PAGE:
Coates also wrote a number of pieces that were used as television start-up music: the BBC Television March (for BBC-TV), was used daily from 1946 to the end of 1958 and occasionally from then until 1960, the Rediffusion March (written as Music Everywhere; for Associated-Rediffusion, from 1956 to 1957), Sound and Vision (for ATV in London from 1955 to 1968 and in the Midlands from 1956 to 1971), and the South Wales and the West Television March (for TWW from 1958 to 1968).

Coates is also well known for his contribution to the film score for The Dam Busters (1955); he composed the famous main title march. He was unwilling to write the entire score when asked by the film’s producers, but warmed to the idea of writing a signature march around which the rest of the film’s score was based – in fact, he submitted a piece that he had recently completed, so the famous Dam Busters March was not itself composed with the film in mind. The final film score was completed by Leighton Lucas.

His songs, some with lyrics by Arthur Conan Doyle and Fred E. Weatherly, are less well remembered, despite their initial success. He wrote some thirty songs before turning his attention to orchestral works.

Miniature Suite was the first of many orchestral works by Coates. It was written in 1911, and consists of three movements – Children’s Dance, Intermezzo and Scene du Bal.

Coates made a number of 78 rpm recordings of his music, initially for The British Columbia label and then for Decca Records (released in the U.S. on the London Records label). He recorded his London Suite and London Again Suite for Columbia. Some of his recordings were later issued on LP and CD. From the surviving recordings, it is clear that he was a very competent conductor, who benefited from advances in high fidelity recording.

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Rebecca Clarke

Rebecca Clarke (08/27/1886 – 10/13/1979) was an English classical composer and violist best known for her chamber music featuring the viola. She was born in Harrow and studied at the Royal Academy of Music and Royal College of Music in London, later becoming one of the first female professional orchestral players. Stranded in the United States at the outbreak of World War II, she settled permanently in New York City and married composer and pianist James Friskin in 1944. Clarke died at her home in New York at the age of 93.

Name: Rebecca Clarke
Date of Birth: 27 August 1886
Date of Death: 13 October 1979
Occupation: Composer, Violist
Nationality: 🏴󠁧󠁢󠁥󠁮󠁧󠁿 English, lived her later years in the USA
Period/Era/Style: 20th Century
Biography: 

Rebecca Clarke (08/27/1886 – 10/13/1979) was an English classical composer and violist best known for her chamber music featuring the viola. She was born in Harrow and studied at the Royal Academy of Music and Royal College of Music in London, later becoming one of the first female professional orchestral players. Stranded in the United States at the outbreak of World War II, she settled permanently in New York City and married composer and pianist James Friskin in 1944. Clarke died at her home in New York at the age of 93.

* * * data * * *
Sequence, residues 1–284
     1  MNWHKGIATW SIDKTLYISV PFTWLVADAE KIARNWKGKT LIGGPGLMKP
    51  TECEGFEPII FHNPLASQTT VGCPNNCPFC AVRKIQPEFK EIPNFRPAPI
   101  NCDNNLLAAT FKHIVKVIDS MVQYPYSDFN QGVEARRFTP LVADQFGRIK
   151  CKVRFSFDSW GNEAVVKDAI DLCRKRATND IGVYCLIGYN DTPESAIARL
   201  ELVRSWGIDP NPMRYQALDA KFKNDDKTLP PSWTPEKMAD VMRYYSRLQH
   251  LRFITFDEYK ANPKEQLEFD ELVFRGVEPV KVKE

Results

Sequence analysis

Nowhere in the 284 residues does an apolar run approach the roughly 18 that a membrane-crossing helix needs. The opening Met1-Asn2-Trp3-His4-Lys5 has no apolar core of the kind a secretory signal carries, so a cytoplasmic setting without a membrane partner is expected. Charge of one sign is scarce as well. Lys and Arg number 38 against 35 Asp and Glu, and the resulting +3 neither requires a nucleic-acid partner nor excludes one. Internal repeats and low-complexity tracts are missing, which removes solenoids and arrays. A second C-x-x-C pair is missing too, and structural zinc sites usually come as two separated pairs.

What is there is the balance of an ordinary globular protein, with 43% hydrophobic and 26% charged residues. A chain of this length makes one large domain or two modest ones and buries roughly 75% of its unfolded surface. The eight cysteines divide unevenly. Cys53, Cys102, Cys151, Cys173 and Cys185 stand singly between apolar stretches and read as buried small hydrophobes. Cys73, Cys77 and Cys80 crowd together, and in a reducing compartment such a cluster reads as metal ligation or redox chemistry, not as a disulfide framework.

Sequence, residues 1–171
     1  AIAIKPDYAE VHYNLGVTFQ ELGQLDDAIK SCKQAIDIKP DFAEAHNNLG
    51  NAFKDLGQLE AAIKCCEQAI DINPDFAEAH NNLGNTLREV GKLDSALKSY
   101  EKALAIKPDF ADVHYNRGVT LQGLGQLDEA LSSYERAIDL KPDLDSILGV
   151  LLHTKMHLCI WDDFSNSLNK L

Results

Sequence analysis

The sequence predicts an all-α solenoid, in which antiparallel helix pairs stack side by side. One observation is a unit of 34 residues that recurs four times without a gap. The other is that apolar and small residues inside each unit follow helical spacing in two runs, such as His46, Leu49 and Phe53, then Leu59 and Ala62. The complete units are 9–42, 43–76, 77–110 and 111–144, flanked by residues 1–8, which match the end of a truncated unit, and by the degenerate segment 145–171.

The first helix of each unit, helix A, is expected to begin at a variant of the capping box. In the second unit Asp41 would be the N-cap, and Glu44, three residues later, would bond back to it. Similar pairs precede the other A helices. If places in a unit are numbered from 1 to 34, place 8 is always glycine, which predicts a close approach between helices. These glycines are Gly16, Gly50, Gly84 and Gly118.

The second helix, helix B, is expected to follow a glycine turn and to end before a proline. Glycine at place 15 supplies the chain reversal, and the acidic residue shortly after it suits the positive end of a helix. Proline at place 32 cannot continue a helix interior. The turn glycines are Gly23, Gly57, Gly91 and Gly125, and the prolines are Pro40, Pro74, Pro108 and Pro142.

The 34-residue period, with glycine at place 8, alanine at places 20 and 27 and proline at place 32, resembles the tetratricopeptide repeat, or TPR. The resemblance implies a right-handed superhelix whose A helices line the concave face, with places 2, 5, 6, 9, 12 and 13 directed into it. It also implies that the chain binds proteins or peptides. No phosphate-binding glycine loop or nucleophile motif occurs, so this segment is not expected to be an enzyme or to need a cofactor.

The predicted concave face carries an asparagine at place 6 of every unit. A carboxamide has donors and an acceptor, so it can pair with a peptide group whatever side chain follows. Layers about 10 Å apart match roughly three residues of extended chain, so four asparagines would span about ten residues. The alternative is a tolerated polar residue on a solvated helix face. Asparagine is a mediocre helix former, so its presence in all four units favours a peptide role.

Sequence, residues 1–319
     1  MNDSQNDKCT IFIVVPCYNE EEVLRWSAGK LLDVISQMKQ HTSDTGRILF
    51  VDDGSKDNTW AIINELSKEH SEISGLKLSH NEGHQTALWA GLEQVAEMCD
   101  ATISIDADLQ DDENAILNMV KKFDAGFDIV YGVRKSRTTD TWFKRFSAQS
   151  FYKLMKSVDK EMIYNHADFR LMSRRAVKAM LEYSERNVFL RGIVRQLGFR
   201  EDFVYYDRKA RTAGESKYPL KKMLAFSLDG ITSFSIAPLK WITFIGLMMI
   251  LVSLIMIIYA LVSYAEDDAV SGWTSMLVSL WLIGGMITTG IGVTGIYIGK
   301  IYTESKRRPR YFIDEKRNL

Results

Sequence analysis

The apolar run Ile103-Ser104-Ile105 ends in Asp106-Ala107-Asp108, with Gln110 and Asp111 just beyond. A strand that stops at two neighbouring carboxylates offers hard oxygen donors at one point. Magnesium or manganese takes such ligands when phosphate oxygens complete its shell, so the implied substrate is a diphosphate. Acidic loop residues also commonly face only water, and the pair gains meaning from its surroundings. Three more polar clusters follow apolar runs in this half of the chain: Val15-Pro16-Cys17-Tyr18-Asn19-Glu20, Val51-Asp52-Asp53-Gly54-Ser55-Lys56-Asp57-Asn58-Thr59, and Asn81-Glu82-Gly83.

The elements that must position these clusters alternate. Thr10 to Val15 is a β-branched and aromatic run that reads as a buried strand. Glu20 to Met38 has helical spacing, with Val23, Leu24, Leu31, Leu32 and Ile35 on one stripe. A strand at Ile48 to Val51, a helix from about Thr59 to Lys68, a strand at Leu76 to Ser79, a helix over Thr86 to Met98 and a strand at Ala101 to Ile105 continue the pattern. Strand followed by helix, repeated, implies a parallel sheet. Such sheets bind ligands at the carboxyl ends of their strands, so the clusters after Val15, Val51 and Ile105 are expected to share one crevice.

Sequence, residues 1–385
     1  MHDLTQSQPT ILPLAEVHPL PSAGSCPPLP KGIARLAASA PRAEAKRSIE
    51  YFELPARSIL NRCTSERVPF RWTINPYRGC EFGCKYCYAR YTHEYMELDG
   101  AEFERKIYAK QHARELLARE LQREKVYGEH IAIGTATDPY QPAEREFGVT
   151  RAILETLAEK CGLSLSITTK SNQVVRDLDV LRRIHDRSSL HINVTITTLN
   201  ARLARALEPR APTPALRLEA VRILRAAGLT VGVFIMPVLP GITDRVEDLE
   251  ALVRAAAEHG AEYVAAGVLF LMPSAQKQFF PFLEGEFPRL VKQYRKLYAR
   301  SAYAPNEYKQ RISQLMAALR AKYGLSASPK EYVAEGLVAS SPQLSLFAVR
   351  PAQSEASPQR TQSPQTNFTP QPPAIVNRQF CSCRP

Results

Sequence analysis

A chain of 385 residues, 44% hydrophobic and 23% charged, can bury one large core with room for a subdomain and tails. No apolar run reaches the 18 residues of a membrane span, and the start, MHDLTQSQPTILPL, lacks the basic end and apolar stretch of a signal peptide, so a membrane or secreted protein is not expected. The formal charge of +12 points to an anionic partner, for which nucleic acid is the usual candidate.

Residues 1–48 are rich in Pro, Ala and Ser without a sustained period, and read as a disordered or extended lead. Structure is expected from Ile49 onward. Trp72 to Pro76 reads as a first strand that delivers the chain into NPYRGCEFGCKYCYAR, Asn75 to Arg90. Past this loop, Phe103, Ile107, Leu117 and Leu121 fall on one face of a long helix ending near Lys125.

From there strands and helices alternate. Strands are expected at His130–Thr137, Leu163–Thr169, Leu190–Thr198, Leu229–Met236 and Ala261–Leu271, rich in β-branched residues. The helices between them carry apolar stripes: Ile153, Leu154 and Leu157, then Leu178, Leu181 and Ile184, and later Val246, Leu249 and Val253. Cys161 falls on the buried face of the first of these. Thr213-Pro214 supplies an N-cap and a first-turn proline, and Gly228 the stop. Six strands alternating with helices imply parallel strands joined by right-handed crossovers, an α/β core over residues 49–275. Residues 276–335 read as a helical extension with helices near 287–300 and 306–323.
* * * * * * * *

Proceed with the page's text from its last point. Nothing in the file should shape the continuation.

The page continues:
Although Clarke’s output was not large, her work was recognised for its compositional skill and artistic power. Some of her works have yet to be published (and many were only recently been published); those that were published in her lifetime were largely forgotten after she stopped composing. Scholarship and interest in her compositions revived in 1976. The Rebecca Clarke Society was established in 2000 to promote the study and performance of her music.



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Leonard Bernstein

Leonard Bernstein (08/25/1918 – 10/14/1990) was an American composer, conductor, author, music lecturer, and pianist. He was among the first conductors born and educated in the US to receive worldwide acclaim. According to music critic Donal Henahan, he was “one of the most prodigiously talented and successful musicians in American history.”

Full Name(s): born, Louis Bernstein; Leonard Bernstein; aka Lenny Amber
Occupation(s):  Composer, Conductor, Author, Music Lecturer, Pianist
Date of Birth: August 25, 1918
Date of Death: October 14, 1990
Nationality: 🇺🇸 American
Period/Era/Style:
20th century; Jazz-influence; Pop-influence

His fame derived from his long tenure as the music director of the New York Philharmonic, from his conducting of concerts with most of the world’s leading orchestras, and from his music for West Side StoryPeter Pan, CandideWonderful TownOn the TownOn the Waterfront, his Mass, and a range of other compositions, including three symphonies and many shorter chamber and solo works.

Bernstein was the first conductor to give a series of television lectures on classical music, starting in 1954 and continuing until his death. He was a skilled pianist, often conducting piano concertos from the keyboard. He was also a critical figure in the modern revival of the music of Gustav Mahler, the composer he was most passionately interested in.